'The Hunchback Of Notre Dame' Almost Cast Anthony Hopkins, Meat Loaf, And A Trio Of Late Night Talk Show Hosts

Disney's underrated take on The Hunchback of Notre Dame turns 25 this month, but he doesn't look a day over 20! In honor of the film's anniversary, /Film's Josh Spiegel compiled an exhaustive oral history of the animated musical and learned some interesting details in the process, including the confirmation that several different voice actors were considered for major roles, including Anthony Hopkins, David Letterman, Cyndi Lauper, and more.

When it comes to the Disney Renaissance, it often seems like The Hunchback of Notre Dame gets the short end of the stick. But it's a wonderful movie with great songs and even better animation, and it's turning 25 this month. Which gives us an excuse to talk about it, and to talk about behind-the-scenes details that have either been lost to time, or never really spoke of before. So let's talk about casting, shall we?

Anthony Hopkins as Frollo 

The late, great Tony Jay provided the voice for Frollo in Hunchback, and he did a damn good job. His deep, rumbly voice is immediately attention-grabbing, and lends itself wonderfully to his big musical number "Hellfire." But in an alternate universe, it's not Jay voicing Frollo – it's Anthony Hopkins.

"Early on, they wanted Anthony Hopkins to do the voice [of Frollo]," said Kathy Zielinski, the supervising animator for Frollo. "[We] did an animation test with a line of his from Silence of the Lambs."

"We were thinking of Hannibal Lecter in the earliest iterations of Frollo," added director Kirk Wise. "They made an offer, but Hopkins passed. We came full circle to Tony, because it had been such a good experience working with him on Beauty and the Beast. It was the combination of the quality of his voice, the familiarity of working with him, and knowing how professional and sharp he was."

Anthony Hopkins is a great actor, and I'm sure he would've made a good Frollo. But in the end I'm glad things worked out the way they did, because Tony Jay's performance rules.

Letterman, Leno, Arsenio, Cher, and, uh...Meat Loaf

When it came to casting The Hunchback of Notre Dame, director Kirk Wise said that "Everybody auditioned, with the exception of Kevin Kline and Demi Moore." Kline voices the heroic Captain Phoebus while Moore plays Esmeralda. However, even though Moore didn't have to audition, she wasn't everyone's ideal choice. Disney's then-studio chairman Jeffrey Katzenberg reportedly wanted Cher to voice Esmeralda – and he also wanted Meat Loaf to play Quasimodo.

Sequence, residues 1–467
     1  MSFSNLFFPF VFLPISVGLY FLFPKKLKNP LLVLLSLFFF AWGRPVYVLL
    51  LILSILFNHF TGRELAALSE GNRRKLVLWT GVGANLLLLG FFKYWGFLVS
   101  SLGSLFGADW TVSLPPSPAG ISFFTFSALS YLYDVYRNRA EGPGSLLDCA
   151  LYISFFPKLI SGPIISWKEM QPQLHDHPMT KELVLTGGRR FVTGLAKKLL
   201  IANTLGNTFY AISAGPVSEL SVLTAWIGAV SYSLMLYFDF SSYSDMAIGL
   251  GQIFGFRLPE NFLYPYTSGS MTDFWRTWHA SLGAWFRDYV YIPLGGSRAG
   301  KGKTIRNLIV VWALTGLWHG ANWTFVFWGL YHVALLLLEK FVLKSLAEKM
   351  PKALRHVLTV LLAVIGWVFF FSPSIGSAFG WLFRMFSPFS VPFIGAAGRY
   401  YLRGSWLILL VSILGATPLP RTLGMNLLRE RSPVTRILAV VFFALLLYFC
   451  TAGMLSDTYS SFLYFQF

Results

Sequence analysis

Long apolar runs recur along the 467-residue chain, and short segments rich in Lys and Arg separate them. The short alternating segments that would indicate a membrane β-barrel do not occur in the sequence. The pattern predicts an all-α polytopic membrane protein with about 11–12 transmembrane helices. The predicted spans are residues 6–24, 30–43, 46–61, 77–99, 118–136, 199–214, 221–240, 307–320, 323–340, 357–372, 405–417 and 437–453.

"Katzenberg saw Meat Loaf and Cher playing Quasimodo and Esmeralda – more of a rock opera," said Will Finn, head of story/supervising animator. And Katzenberg's ideas didn't stop there. When it came to casting the three gargoyles that serve as Quasimodo's only friends, Katzenberg wanted to bring in a trio of late-night hosts – Jay Leno, David Letterman, and Arsenio Hall.

It doesn't seem like a serious offer was made to the late night trio, but Meat Loaf actually worked with the production for a while. "Meat Loaf sat with [composer] Alan [Menken] and rehearsed the song," said director Kirk Wise. "It was very different than what we ended up with, because Meat Loaf has a very distinct sound. Ultimately, I think his record company and Disney couldn't play nice together, and the deal fell apart."

Roy Disney: Not A Fan Of Cyndi Lauper

In the final film, the gargoyles that were almost voiced by Leno, Letterman, and Arsenio ended up with the voice talents of Charles Kimbrough, Jason Alexander, and Mary Wickes. But even that casting couldn't gone differently. At one point, Cyndi Lauper and Sam McMurray were cast as two of the gargoyles and even recorded dialogue – but Roy Disney, who was Walt Disney Feature Animation Chairman at the time, was not a fan.

"We cast Cyndi Lauper as one of the gargoyles," said Kirk Wise. "We thought she was hilarious and sweet. The little fat obnoxious gargoyle had a different name, and was going to be played by Sam McMurray. We had Cyndi and Sam record, and Roy Disney hated it. The quality of Cyndi's voice and Sam's voice were extremely grating to his ear. This is no disrespect to them – Cyndi Lauper is amazing. And Sam McMurray is very funny. But it was not working for the people in the room on that day."